A woman in Sydney, Australia recently moved house and has been finding all sorts of bugs and creatures in her home, including the organism pictured below. She describes it as a “little, black hairlike thing” and she has found it all over her house; she wonders what it might be and seeks our answers.
Our reader elaborates on the situation in her query, stating that the house she moved into had been empty for approximately five years, and “it seems the insects have taken over.” In addition to the organism photographed above, our reader has been finding “many unusual things” on her wooden floors, despite doing a pesticide treatment and maintaining a consistent cleaning regime. She has found black beetles “everywhere” which she believes are carpet beetles, “but could be a different beetle”. She states that they are not a “bedbug shape”, which implies that she has ruled out that possibility. However, these are not the creatures she wants us to identify or give advice on; her question pertains solely to the hairlike organism in the photo. This critter has been found in her bathroom “a few times”, as well as in her hair after combing it. At one point, one of these creatures fell onto our reader’s chest, and even though she flicked it off “immediately”, it caused “large itchy welts.” Then, the creatures did not reappear for about a week until our reader discovered one sitting in her bathroom sink. Our reader emphasizes the “tiny” size of the worms by explaining that the photo above is “very magnified”.
Now, we do not think these creatures are related to the beetles in her home, as they do not resemble the larvae of any known beetle; the larvae of beetles tend to be much thicker and can be seen by the naked eye. When any of our readers talk of black, hairlike organisms we immediately think of horsehair worms. Horsehair worms are aquatic parasites which infect infects and other invertebrates and burst forth from them when fully mature. There have also been cases of people having horsehair worms inside them, but that is never the result of the worms purposefully infecting humans (and they do not cause symptoms). Either way, we doubt these are horsehair worms seeing as they caused welts to form on our reader’s skin. In actual fact, seeing as these worms did cause welts, this situation becomes medical in nature, and because of this we will be unable to identify these worms; as we are not medical professionals, we are not qualified to do so. What we can suggest doing is consulting with an infectious disease physician who will be better equipped to identify such an organism. If she does do this, our reader can do one or more of the following: 1) Search for a medical parasitologist in her area using this directory of medical parasitology consultants: https://www.astmh.org/for-astmh-members/clinical-consultants-directory. 2) Search for a local parasitologist by doing a Google search for “medical parasitologist (name of the closest big city)” or “tropical medicine specialist (name of the closest big city)”. 3) Get in touch with Dr. Omar Amin at the Parasitology Center at https://www.parasitetesting.com. 4) Contact Dr. Vipul Savaliya of Infectious Disease Care (“IDCare”) at idcarepa.com.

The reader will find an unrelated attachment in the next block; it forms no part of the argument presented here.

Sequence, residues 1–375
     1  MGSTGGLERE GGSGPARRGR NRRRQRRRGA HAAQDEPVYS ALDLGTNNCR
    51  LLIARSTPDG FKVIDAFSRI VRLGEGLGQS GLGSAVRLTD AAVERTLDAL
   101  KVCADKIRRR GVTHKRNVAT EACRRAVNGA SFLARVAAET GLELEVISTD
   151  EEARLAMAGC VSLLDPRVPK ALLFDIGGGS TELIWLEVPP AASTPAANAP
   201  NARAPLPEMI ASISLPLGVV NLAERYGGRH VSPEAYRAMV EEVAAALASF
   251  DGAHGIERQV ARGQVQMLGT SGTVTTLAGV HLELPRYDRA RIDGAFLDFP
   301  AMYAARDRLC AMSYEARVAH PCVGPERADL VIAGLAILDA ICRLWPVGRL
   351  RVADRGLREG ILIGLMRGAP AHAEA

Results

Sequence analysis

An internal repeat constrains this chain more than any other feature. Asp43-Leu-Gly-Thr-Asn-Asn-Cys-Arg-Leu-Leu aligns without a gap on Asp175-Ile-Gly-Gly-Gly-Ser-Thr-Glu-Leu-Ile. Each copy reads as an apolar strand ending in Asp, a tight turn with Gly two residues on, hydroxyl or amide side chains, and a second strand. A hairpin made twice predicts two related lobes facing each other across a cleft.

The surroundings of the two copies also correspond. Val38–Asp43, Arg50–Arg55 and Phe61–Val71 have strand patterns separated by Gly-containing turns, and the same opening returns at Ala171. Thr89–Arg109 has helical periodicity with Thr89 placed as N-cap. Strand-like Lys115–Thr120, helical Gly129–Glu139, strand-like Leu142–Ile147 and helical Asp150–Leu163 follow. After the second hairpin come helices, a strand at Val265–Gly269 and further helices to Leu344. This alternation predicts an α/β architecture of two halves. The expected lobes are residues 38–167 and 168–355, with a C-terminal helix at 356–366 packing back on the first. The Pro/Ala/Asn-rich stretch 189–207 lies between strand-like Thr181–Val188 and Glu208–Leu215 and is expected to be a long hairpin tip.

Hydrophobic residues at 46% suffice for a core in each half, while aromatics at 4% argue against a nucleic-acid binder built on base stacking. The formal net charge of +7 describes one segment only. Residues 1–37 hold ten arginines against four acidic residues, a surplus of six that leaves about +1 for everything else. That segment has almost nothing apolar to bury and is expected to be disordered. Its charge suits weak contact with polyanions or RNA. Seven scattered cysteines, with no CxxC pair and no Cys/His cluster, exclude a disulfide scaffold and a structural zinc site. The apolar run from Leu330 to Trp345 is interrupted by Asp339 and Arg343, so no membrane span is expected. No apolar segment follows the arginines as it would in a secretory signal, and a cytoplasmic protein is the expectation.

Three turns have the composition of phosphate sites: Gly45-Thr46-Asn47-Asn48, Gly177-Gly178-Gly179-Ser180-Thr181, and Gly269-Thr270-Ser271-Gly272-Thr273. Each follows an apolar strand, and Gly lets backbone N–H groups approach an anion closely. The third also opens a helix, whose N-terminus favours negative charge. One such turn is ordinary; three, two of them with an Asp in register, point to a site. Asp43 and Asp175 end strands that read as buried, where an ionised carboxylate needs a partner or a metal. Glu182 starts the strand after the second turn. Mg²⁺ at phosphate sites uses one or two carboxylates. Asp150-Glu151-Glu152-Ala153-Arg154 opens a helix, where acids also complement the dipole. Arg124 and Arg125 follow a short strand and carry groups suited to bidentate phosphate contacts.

To conclude, we cannot say what these black, hairlike organisms are, as we are not qualified to identify organisms that cause medical issues (doing so would be diagnosing a medical issue!). What we can say is that these are probably not horsehair worms, nor are they related to the carpet beetle larvae. We hope that the resources listed above are helpful and we wish our reader the best.
|No Paywall Here!
All About Worms is and always has been a free resource. We don't hide our articles behind a paywall, or make you give us your email address, or restrict the number of articles you can read in a month if you don't give us money. That said, it does cost us money to pay our research authors, and to run and maintain the site, so if something you read here was helpful or useful, won't you consider donating something to help keep All About Worms free?